501 North is a painting of the interior of a Street Car. Streetcars, Trolly's, or Trams are a public transportation... Read More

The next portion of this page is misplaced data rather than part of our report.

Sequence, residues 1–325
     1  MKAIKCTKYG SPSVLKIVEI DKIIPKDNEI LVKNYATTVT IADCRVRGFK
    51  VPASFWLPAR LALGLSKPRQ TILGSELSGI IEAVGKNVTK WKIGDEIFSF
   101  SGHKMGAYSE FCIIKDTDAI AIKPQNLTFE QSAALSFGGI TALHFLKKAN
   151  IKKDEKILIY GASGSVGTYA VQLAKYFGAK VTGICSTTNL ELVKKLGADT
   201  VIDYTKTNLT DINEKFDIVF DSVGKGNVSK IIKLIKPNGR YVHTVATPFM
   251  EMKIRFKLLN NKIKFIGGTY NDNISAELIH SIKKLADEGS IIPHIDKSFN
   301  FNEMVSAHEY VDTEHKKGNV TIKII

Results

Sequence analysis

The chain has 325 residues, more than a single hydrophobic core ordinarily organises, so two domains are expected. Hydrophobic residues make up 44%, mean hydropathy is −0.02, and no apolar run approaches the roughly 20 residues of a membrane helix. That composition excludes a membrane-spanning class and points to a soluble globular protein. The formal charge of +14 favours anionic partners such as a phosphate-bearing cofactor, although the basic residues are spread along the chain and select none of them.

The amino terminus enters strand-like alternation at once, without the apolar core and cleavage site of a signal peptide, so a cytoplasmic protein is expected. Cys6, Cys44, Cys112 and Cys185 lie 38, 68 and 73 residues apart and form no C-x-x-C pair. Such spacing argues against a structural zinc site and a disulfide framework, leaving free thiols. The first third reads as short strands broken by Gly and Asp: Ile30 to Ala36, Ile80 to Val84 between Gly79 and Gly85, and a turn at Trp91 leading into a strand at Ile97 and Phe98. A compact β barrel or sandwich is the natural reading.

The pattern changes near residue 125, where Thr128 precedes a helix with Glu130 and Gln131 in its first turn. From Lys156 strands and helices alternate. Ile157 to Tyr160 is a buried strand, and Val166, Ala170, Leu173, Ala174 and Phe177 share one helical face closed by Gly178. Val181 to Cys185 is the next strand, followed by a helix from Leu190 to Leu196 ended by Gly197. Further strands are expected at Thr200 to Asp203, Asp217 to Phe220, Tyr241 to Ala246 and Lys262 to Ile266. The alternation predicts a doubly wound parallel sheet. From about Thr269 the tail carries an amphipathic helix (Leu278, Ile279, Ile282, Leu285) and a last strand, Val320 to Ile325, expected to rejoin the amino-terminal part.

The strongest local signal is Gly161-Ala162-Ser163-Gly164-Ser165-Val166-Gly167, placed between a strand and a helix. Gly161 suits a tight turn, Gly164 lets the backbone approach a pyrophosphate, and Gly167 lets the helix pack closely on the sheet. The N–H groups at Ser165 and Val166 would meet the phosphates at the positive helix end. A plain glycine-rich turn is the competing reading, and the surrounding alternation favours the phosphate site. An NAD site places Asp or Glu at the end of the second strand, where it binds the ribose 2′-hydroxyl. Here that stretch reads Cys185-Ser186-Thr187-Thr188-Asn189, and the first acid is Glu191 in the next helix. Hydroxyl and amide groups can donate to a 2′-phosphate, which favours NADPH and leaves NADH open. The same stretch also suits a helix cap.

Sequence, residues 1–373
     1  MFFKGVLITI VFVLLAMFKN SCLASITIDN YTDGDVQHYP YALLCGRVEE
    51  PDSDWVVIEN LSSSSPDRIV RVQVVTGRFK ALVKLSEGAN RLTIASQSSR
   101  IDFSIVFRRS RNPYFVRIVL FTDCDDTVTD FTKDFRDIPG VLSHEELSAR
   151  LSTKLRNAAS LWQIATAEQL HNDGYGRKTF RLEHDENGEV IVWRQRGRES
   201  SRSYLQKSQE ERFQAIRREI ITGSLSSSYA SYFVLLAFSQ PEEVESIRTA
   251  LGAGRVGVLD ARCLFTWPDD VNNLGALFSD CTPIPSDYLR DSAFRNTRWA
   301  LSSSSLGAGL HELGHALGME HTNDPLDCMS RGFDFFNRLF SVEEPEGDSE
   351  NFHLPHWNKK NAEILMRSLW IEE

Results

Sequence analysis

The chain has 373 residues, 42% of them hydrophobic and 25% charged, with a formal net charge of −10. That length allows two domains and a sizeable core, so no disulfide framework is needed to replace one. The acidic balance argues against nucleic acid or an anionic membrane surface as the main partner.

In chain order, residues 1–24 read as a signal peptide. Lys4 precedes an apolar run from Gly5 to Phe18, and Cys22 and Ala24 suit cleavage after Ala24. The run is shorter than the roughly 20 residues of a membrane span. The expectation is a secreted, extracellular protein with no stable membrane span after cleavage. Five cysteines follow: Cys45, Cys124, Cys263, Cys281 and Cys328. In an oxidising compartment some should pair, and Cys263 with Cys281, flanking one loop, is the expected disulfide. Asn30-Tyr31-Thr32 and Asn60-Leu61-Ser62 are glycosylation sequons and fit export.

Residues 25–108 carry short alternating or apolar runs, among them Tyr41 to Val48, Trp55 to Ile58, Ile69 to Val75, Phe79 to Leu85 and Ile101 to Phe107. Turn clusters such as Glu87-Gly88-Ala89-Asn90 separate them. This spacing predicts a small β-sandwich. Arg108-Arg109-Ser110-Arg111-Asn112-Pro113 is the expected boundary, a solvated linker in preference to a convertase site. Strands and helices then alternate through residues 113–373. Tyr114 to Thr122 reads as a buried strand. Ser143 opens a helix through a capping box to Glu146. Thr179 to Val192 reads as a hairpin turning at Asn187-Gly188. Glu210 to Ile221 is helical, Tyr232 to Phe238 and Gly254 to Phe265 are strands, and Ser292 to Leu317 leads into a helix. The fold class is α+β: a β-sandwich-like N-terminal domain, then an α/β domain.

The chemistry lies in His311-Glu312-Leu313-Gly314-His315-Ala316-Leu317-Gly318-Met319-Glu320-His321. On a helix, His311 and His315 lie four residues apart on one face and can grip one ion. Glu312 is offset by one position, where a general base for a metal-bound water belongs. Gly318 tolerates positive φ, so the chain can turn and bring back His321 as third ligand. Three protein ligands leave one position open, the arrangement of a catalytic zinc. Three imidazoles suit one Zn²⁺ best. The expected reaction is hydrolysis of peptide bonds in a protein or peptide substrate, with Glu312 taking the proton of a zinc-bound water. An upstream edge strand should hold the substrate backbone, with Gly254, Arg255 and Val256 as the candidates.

501 North is a painting of the interior of a Street Car. Streetcars, Trolly's, or Trams are a public transportation option offered in the city of Toronto, Canada. They have an odd love hate relationship with the city and its citizens. Romanticized for their old world nostalgia, and uniqueness; Toronto is the only city in Canada with such a system, yet hated because of their toll on the street traffic. The Streetcar is iconically urban, iconically Torontonian, and in this way iconically Canadian. The idea of the the Streetcar being a vehicle both literally and metaphorically is very interesting to me. It's a vehicle that transports those primarily of lower socio-economic status, disenfranchised and individuals often seen as the other. In direct contrast to this the scene depicted outside of the car windows is that of a calm lake cottage scene. Cottage beaches specifically northern cottages are an area where Toronto's affluent can escape from the city. The 501 Streetcar only travels east and west, the title of the piece alludes to the meaning behind it. In this work two iconic images are juxtaposed with one another. First the retro futuristic lines in the interior of a late 70's Streetcar, second the idyllic northern white pine blowing in the wind; an image romanticized in 20th century canadian artwork, specifically by that of the group of seven. The two images are painted together, using contrasting colours to further emphasize the dichotomy created in the city between two socio economic groups, those that can escape the city and those who cannot.